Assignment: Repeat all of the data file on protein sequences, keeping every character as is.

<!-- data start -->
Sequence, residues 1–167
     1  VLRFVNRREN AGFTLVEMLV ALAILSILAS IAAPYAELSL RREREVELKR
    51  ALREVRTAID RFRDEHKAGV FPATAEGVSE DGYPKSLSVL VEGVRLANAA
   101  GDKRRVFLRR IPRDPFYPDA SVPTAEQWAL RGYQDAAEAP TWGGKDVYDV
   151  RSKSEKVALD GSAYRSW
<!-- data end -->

Sequence, residues 1–167
     1  VLRFVNRREN AGFTLVEMLV ALAILSILAS IAAPYAELSL RREREVELKR
    51  ALREVRTAID RFRDEHKAGV FPATAEGVSE DGYPKSLSVL VEGVRLANAA
   101  GDKRRVFLRR IPRDPFYPDA SVPTAEQWAL RGYQDAAEAP TWGGKDVYDV
   151  RSKSEKVALD GSAYRSW